It’s very easy for unoptimized images to end up on a production site and slow down its initial load considerably. Inexperienced devs usually aren’t aware of this potential problem. They also aren’t aware of a wide range of tools and approaches for optimizing images.
This article aims to cover most of the tools and approaches for optimizing images for the web.
Good to see that it also covers native lazy image loading. The smallest image still remains an image not loaded unnecessarily 😉
Over the years Instagram (as a product) grew a lot. With more features to show, their web experience began to degrade. In a series of (upcoming) posts they’re covering what they have done to improve performance. In this first part they cover script preloading and image prefetching, reducing the loading time of the “feed page” by 50%.
Correctly prioritizing resource download and execution and reducing browser downtime during the page load is one of the main levers for improving web application performance. In our case, many of these types of optimizations proved to be more immediately impactful than code size reductions, which tended to be individually small and only began to add up after many incremental improvements.
The Webkit blog, on how to optimize your pages so that they don’t drain the battery of your visitors their devices:
Users spend a large proportion of their online time on mobile devices, and a significant fraction of the rest is users on untethered laptop computers. For both, battery life is critical. In this post, we’ll talk about factors that affect battery life, and how you, as a web developer, can make your pages more power efficient so that users can spend more time engaged with your content.
The three sections where to optimize covered are scripting, painting (the way stuff is rendered/animated), and networking (requests over the network)
One of the quickest wins—and one of the first things I recommend my clients do—to make websites faster can at first seem counter-intuitive: you should self-host all of your static assets, forgoing others’ CDNs/infrastructure. In this short and hopefully very straightforward post, I want to outline the disadvantages of hosting your static assets ‘off-site’, and the overwhelming benefits of hosting them on your own origin.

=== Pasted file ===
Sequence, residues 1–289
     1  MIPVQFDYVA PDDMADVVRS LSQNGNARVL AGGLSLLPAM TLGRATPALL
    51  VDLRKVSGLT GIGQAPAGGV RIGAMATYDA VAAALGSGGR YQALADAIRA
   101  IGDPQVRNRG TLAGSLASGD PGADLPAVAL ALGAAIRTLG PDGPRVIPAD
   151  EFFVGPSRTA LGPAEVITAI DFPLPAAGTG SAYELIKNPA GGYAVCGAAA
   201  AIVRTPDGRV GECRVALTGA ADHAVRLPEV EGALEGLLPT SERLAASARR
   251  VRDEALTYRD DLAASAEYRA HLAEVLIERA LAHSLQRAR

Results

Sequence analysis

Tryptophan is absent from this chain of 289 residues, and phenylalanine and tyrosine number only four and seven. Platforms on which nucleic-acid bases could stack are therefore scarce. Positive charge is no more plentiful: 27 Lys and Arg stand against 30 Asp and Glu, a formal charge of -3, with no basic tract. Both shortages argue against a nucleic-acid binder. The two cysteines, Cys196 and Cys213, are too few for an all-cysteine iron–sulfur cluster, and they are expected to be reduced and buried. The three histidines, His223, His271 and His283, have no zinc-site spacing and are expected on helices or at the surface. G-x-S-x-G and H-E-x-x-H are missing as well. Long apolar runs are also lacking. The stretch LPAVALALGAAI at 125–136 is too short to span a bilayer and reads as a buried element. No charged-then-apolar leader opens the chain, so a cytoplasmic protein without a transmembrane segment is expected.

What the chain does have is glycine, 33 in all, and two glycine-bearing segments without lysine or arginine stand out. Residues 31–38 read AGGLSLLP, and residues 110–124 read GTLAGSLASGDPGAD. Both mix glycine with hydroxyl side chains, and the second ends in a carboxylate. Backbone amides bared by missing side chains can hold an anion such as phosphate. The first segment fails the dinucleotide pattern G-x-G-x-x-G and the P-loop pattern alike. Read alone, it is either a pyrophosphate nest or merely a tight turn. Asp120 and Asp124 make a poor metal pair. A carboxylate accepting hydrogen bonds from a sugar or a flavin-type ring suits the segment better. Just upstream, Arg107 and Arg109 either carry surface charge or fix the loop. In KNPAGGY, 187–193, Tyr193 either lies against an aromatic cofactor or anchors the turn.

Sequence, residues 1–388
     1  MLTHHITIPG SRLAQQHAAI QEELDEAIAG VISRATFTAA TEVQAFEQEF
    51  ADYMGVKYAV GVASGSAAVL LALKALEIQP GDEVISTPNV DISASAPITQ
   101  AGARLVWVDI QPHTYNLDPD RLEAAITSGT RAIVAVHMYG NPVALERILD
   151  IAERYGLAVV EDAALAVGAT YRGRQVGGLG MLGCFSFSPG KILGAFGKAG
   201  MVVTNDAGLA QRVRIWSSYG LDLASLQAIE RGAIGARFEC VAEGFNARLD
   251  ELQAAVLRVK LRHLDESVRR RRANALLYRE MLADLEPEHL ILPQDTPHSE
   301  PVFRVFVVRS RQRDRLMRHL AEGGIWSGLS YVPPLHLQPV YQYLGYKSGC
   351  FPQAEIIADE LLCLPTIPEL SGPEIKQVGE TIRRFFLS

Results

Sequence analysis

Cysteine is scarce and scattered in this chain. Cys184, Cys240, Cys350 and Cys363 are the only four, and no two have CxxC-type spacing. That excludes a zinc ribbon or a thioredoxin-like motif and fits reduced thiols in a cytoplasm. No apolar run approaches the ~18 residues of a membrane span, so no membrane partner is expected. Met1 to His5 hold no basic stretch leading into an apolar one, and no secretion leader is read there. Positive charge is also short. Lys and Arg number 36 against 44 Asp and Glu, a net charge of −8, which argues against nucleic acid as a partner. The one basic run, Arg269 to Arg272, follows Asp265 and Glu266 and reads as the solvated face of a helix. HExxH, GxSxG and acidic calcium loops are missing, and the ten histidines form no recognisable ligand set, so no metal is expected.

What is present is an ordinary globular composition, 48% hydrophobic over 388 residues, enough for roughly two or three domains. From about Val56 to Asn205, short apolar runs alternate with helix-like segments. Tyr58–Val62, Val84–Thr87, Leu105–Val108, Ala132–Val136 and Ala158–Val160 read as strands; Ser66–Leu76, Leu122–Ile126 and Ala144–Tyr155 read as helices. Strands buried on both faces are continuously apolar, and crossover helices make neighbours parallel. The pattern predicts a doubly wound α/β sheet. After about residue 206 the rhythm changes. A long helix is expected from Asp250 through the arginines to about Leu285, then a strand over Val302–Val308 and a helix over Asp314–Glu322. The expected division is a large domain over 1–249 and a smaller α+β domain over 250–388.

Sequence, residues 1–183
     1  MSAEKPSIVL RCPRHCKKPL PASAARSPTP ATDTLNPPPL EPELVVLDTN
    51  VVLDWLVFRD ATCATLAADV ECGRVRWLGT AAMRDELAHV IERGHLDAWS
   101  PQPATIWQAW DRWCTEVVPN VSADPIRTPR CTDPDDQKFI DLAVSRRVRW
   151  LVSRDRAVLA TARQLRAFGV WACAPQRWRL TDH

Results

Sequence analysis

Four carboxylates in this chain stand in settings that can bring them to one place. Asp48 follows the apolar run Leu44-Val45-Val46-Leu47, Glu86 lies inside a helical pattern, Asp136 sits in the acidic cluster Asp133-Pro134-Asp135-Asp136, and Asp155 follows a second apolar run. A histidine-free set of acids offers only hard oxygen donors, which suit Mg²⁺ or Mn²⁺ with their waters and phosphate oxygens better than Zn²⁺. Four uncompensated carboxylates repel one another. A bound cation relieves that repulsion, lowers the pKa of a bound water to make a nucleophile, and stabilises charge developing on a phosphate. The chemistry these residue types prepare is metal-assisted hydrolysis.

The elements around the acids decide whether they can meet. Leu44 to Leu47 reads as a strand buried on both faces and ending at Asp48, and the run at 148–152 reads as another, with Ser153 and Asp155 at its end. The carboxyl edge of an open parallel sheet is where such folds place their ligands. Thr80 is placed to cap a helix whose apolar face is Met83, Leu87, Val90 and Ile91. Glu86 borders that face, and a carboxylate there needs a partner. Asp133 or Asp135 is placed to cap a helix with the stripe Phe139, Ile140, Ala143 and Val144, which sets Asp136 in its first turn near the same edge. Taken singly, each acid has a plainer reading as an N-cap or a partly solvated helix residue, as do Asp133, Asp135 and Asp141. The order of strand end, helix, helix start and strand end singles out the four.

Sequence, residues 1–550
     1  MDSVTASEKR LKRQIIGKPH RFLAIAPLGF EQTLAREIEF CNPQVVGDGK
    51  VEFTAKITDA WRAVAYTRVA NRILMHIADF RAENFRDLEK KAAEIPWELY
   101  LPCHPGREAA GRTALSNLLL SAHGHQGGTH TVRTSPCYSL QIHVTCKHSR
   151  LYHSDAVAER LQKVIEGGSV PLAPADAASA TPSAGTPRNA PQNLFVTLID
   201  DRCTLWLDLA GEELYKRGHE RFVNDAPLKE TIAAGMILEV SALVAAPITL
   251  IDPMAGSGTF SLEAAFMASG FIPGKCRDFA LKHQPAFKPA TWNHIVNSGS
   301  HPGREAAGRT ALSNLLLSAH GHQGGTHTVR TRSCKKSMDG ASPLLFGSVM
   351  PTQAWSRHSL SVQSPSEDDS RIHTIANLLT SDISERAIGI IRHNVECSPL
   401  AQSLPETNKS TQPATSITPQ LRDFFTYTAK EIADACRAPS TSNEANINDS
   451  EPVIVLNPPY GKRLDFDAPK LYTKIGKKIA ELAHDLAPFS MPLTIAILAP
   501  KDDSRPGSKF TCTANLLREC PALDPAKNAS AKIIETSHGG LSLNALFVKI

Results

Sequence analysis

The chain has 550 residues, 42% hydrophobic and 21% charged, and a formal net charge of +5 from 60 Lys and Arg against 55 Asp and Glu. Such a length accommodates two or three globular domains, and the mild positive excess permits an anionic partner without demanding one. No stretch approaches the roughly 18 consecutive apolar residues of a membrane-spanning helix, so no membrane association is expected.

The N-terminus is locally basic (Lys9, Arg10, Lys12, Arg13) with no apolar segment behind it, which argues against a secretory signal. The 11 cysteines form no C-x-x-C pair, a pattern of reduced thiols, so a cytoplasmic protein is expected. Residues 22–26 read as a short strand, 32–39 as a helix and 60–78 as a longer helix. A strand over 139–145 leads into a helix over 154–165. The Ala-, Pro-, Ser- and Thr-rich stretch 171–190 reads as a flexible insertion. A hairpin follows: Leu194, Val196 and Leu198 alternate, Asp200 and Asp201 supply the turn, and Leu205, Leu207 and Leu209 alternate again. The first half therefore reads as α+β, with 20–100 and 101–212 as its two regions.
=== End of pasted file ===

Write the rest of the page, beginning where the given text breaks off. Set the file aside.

For the site tested, this resulted in a ~300ms win:
One of the main reasons for me is that you, as developer, stay in control of everything. I’ve had sites break due to some external files no longer being available.
The main goal of CSS Containment standard is to improve the rendering performance of web pages, allowing the isolation of a subtree from the rest of the document. This specification only introduces one new CSS property called contain with different possible values.
layout: The internal layout of the element is totally isolated from the rest of the page, it’s not affected by anything outside and its contents cannot have any effect on the ancestors.
paint: Descendants of the element cannot be displayed outside its bounds, nothing will overflow this element (or if it does it won’t be visible).
size: The size of the element can be computed without checking its children, the element dimensions are independent of its contents.
style: The effects of counters and quotes cannot escape this element, so they are isolated from the rest of the page.
Browser engines can use that information to implement optimizations and avoid doing extra work when they know which subtrees are independent of the rest of the page.